As an immigrant, University of Pennsylvania junior Pamela Fuentes was assisted in her journey to become the first in her family to attend college. Now, she is helping others to access higher education.
A Latin American and Latino studies major in Penn’s School of Arts & Sciences, Fuentes grew up in Houston, where she started in 5th grade at a Knowledge Is Power Program charter school, staying there until she finished high school. A national network of schools that helps students from underserved communities to prepare for success in college, KIPP was co-founded by 1991 Penn alumnus Mike Feinberg.
In alignment with the Penn Compact goal of increasing access to educational opportunities, Penn has pledged to enroll 15 KIPP students who meet admissions requirements each year.
As a KIPP alumna, Fuentes is thankful to be a part of this legacy and is paying it forward by volunteering to help guide KIPP students in West Philadelphia.
Along with other KIPP alumni, Fuentes launched a mentoring program three years ago. From September through April, they mentor high schoolers at KIPP DuBois Collegiate Academy on Saturdays.
She works with the 9th- and 10th-grade students by hosting resume-building workshops, teaching networking skills and outlining what they need to do to prepare for college.
Her work with KIPP’s 11th and 12th graders mainly focuses on mentoring the students on writing admissions essays, the college admissions process and understanding life skills, such as how to establish good credit and how to file tax forms.
“I am still a part of KIPP wherever I go. I try to volunteer and give back to my KIPP community, whether it’s back home in Texas or here in Philadelphia,” says Fuentes, who also had an internship at the KIPP Foundation in Chicago.
Fuentes’ commitment to giving back through activism extends beyond her work with KIPP.
Fuentes is also an undocumented student and a Deferred Action for Childhood Arrivals beneficiary.
DACA, launched by the Obama administration in 2012, is an immigration policy that allows undocumented people who entered the United States as minors to obtain deferred action on deportation and apply for a work permit on a two-year renewable basis.
Through Penn for Immigrant Rights, a social and political advocacy organization, Fuentes leverages her openness about her own undocumented status to help publicize and address the needs of undocumented students who fearfully remain quiet.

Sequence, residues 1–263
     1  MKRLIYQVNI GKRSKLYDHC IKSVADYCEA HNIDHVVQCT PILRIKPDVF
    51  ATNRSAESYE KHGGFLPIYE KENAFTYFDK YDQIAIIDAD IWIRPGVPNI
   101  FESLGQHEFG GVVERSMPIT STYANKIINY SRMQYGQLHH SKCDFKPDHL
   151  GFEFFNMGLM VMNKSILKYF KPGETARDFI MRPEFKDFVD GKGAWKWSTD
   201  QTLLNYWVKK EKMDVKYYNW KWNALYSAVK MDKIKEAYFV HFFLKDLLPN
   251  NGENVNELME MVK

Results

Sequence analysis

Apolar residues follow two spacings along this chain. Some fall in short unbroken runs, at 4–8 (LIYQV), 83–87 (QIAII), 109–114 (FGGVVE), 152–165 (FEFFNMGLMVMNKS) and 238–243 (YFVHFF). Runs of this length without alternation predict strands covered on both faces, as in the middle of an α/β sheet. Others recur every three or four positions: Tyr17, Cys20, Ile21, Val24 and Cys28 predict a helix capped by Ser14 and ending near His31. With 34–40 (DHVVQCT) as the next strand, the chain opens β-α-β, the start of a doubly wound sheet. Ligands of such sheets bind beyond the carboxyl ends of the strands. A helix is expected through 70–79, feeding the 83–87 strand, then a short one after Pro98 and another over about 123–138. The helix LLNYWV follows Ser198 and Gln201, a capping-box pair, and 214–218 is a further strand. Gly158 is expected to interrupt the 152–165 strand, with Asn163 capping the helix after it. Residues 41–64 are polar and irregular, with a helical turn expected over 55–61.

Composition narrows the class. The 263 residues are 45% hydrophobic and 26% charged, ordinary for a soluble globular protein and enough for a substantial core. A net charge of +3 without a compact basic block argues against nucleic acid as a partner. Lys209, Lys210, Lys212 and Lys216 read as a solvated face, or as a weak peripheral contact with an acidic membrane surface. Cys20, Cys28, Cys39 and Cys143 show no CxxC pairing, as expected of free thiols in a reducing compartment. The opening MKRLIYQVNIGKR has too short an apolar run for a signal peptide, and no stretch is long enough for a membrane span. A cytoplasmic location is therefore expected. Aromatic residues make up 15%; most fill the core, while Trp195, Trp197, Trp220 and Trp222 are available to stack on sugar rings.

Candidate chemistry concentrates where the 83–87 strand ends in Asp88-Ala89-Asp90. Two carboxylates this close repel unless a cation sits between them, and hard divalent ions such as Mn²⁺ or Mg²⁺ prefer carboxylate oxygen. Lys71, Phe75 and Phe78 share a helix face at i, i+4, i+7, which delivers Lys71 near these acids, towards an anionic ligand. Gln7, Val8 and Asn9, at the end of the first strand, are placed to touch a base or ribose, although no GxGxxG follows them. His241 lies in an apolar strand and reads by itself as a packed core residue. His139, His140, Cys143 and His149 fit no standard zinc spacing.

Penn for Immigrant Rights works to create open dialogue and dismantle misconceptions. Fuentes says sensitivity training has provided staff and faculty with statistical information about the undocumented population and knowledge about how a small word choice can make a big difference.
“No human being is ‘illegal.’ Being called illegal is hurtful in so many ways,” says Fuentes. “It’s important that everyone understand how the college application process works for undocumented students, particularly when it comes to financial aid.
“We are still in the process of building a community in which everyone feels supported academically and emotionally. We have plenty of work to do, but we are getting there,” Fuentes says. “In the long run, I hope our advocacy work for immigrant communities continues.”
As the vice chair for the Voto Latino chapter at Penn, Fuentes was a part of an initiative that registered more than 50 voters from the neighborhoods of North and South Philadelphia just before the deadline for the 2016 election.
Since her freshman year, Fuentes has also been a part of the Albert M. Greenfield Intercultural Center. She began a work-study position handling scheduling and administrative tasks in the fall of 2016.
After graduation, her plans are fluid and may involve applying to business school to earn a graduate degree. No matter what she does, Fuentes is determined to continue her advocacy work for immigrants and other undocumented students like herself.